While it might not sound like a sexy issue, the prevailing wage is extremely important for New Mexico’s workers.
Last night, HB 200, the bill introduced by new Secretary of State candidate Rep. Nora Espinoza to gut the prevailing wage, was debated in committee but rolled over until tonight at 5:30pm for a vote. New Mexico labor organizations passionately opposed the bill with dozens of the building trades’ skilled craftsmen and women turning out to testify against it.
What is the prevailing wage?
Under state law, public capital projects over $60,000 must pay workers the “prevailing wage” for their job classification — these wages are set by the state based on negotiated bargaining agreements in the same geographic area as the project.
The state Supreme Court recently ruled that the Department of Workforce Solutions was violating existing prevailing wage laws and HB 200 is a blatant effort to avoid complying with current state laws that protect workers.
Why is having a prevailing wage good?
Thirty-one states have prevailing wage laws that serve as a wage floor and ensure a level playing field for workers and contractors alike.
Prevailing wage laws contribute to assuring that public buildings and public works projects are constructed on time and on budget by using highly skilled, well-trained workers.
Prevailing wage laws ensure the competitive bidding process does not undermine long-established community wage and benefit levels and living standards. By setting wage rates, the prevailing wage allows contractors to compete fairly and win bids based on merit, productivity and efficiency.
And if that wasn’t enough, prevailing wage laws work to promote local training opportunities in the skilled trades, particularly for historically underserved communities, such as minorities, young people, women and military veterans.
What would HB 200 do?
In short, HB 200 would gut wages. It would eliminate prevailing wages for road and school projects, which would dramatically cut workers’ pay. It would also change the calculation methods to drive down prevailing wages for all types of workers. And it would limit prevailing wages to federal calculations that ignore negotiated agreements between New Mexico’s workers and employers.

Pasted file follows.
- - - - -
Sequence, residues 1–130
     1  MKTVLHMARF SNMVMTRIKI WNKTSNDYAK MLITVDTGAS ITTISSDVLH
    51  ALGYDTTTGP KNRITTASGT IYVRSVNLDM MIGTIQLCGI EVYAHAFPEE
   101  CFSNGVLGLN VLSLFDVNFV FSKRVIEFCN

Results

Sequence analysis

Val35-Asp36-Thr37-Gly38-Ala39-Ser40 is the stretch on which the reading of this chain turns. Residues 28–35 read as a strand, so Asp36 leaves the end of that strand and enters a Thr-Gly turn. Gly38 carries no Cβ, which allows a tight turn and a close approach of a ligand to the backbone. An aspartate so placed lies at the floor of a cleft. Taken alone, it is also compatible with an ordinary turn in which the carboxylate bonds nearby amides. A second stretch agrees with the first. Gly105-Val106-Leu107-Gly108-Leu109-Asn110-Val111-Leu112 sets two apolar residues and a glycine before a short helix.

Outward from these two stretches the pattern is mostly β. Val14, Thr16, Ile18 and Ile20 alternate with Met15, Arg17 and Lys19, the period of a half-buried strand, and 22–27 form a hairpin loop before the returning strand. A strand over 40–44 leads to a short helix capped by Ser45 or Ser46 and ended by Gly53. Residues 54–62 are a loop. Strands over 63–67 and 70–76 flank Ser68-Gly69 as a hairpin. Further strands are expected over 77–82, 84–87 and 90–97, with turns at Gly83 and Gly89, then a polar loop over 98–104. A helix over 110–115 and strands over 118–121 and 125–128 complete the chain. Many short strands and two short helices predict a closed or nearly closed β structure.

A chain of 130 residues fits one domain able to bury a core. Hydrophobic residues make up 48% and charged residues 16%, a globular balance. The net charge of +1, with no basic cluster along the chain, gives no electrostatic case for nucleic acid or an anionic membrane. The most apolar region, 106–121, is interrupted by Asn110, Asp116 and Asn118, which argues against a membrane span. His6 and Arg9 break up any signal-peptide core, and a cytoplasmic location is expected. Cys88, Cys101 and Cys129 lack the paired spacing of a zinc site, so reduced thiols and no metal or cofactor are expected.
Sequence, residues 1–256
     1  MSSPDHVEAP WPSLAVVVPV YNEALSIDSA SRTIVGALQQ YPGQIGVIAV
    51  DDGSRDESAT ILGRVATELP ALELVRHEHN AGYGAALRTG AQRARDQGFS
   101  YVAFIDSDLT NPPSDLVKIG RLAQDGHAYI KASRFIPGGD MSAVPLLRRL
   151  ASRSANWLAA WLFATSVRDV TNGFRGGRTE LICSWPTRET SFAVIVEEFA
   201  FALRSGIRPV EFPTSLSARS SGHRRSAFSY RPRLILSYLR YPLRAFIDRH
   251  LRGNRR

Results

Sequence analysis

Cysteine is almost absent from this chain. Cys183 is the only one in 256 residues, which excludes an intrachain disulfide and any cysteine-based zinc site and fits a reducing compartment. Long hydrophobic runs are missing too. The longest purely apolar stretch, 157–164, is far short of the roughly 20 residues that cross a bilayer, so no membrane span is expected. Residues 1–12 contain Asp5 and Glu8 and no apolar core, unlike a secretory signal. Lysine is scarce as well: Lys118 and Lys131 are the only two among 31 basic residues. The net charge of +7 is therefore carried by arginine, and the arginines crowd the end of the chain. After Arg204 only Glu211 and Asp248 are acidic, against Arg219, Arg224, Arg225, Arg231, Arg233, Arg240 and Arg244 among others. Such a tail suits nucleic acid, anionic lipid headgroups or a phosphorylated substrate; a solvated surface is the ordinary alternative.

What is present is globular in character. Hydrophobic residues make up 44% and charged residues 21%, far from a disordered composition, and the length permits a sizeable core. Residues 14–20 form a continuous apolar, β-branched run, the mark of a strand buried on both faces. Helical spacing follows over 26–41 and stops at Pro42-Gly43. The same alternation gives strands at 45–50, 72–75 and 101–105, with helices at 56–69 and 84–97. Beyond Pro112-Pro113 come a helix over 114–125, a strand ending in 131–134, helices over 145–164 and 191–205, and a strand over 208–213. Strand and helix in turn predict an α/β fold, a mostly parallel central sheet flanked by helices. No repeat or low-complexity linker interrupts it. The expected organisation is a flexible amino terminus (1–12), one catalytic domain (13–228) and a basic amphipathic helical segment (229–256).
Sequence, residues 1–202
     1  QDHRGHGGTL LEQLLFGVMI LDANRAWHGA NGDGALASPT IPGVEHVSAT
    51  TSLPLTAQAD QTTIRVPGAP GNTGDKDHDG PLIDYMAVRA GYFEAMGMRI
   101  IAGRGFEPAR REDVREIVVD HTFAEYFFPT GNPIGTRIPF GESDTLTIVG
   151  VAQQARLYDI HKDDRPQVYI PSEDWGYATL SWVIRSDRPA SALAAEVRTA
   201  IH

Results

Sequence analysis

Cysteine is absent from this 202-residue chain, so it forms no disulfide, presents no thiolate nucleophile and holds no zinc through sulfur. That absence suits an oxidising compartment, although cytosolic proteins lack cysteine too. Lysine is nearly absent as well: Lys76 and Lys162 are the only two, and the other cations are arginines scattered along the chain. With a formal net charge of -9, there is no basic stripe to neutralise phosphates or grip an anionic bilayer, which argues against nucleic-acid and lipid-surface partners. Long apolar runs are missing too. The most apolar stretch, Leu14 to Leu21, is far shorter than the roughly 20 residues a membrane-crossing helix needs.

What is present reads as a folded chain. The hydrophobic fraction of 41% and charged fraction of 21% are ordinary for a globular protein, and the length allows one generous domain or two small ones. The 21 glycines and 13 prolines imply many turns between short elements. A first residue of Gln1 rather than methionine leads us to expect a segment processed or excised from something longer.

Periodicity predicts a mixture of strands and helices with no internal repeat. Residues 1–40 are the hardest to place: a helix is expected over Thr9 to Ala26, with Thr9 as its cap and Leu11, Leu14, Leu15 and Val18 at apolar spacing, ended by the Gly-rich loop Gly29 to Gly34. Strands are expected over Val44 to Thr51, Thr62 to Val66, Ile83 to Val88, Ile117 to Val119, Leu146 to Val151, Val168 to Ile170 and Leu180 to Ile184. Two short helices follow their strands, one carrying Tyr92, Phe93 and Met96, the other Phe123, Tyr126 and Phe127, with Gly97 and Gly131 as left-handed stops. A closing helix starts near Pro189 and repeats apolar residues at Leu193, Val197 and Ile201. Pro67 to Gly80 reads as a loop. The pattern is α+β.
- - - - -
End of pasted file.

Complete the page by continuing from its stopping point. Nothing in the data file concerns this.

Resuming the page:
Any supposed savings on capital projects would come at the expense of working New Mexicans, who are already struggling to make ends meet.
Our lawmakers should be putting working families first and those working men and women should be paid fair wages. HB 200 will only increase New Mexico’s already worst-in-the-nation income inequality and deprive workers of needed security.
A recent report from Smart Cities Prevail predicts devastating economic impacts for the state should the NM Prevailing Wage Act be weakened:
- A net loss of 2,340 jobs across all industries
- A $288 million loss in economic activity
- $7.7 million in lost state and local tax revenues
- More than $160 million of local business lost to out-of-state contractors
What can you do?
Share this post with friends and family and take to social media to spread the word.
Use these hashtags on Twitter or Facebook to talk about #HB200 and let people know these kinds of laws are simply wrong for New Mexico:
But the best defense against these attacks on working families in the future is to change the composition of your state legislature.
We need to make our lawmakers more accountable to the people. And ProgressNow NM is working tirelessly everyday to make sure that happens.
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